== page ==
Signal transduction in Caenorhabditis elegans
The roundworm (Nematode) Caenorhabditis elegans has become a popular model organism that is used to address a variety of questions in Biology. We are interested in the signals that cells exchange in order to control cell proliferation and differentiation during the development of the animal. In particular, the development of the hermaphrodite vulva serves us as a paradigm to study intercellular communication and cell fate determination. During vulval development, the coordinate action of three evolutionary conserved signal transduction pathways (the Wingless, Ras and Notch pathways) controls the differentiation of vulval cells that form this organ during larval development.
In a first project, we are studying how the receptors for growth factor signals are localized and how their activities are regulated in the vulval precursor cells. We are currently focusing on the epidermal growth factor receptor, since inappropriate activation of this receptor is involved of the formation of different types of tumors in humans. In a second project, we are studying the process of cell invasion during vulval development. We are investigating the signals, by which the vulval precursor cells induce the adjacent anchor cell to invade into the vulval epithelium. The activation of cell invasion is thought to be an initiating event during the formation of tumor metastases. In a third project, we are studying how intercellular signaling controls the morphogenesis of the vulval cells undergoing terminal differentiation to determine the shape and size of the organ.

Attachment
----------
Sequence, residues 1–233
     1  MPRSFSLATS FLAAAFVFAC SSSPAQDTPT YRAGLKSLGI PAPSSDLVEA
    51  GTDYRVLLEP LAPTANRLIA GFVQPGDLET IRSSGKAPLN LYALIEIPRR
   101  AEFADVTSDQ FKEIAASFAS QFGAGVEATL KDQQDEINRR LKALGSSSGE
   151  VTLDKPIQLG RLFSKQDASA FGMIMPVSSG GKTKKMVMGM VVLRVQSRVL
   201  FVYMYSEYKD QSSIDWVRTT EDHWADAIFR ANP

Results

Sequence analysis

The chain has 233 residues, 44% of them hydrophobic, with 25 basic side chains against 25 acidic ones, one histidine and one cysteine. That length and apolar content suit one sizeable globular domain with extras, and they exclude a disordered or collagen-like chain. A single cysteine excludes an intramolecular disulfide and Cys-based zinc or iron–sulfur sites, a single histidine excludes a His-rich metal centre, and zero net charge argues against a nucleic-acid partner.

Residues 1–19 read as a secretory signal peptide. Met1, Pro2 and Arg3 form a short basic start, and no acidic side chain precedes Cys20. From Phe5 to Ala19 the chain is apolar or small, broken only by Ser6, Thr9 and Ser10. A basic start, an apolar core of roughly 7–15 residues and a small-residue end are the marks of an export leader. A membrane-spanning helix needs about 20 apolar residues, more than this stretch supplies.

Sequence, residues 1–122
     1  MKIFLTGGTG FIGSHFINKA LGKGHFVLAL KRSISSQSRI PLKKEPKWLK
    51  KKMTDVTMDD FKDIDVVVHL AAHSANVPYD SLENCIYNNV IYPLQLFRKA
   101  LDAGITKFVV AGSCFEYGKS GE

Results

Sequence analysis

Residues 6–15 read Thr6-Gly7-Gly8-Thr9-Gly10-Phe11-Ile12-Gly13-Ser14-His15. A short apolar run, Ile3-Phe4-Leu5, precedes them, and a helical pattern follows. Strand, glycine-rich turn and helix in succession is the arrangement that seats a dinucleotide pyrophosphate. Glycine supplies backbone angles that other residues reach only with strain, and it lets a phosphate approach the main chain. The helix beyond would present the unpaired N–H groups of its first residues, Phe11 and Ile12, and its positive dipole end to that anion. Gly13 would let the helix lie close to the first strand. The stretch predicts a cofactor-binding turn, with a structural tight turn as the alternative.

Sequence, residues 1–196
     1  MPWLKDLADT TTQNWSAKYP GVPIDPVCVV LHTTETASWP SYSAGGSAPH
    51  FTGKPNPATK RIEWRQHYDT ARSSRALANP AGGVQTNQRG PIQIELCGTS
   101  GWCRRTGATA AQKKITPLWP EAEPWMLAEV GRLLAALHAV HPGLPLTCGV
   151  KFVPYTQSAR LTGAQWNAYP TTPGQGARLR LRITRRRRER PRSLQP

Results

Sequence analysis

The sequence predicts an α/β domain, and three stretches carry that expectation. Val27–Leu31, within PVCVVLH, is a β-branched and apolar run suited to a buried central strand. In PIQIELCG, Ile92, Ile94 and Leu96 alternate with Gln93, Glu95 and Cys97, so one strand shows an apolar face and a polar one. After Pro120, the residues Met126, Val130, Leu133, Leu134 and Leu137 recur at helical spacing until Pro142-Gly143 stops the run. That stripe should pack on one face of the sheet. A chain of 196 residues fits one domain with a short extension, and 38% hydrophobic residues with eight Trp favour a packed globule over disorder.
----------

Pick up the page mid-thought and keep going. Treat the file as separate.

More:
The insights gained from our studies on vulval development uncover the fundamental rules governing organogenesis and can be applied to understand the formation of complex organs in higher animals.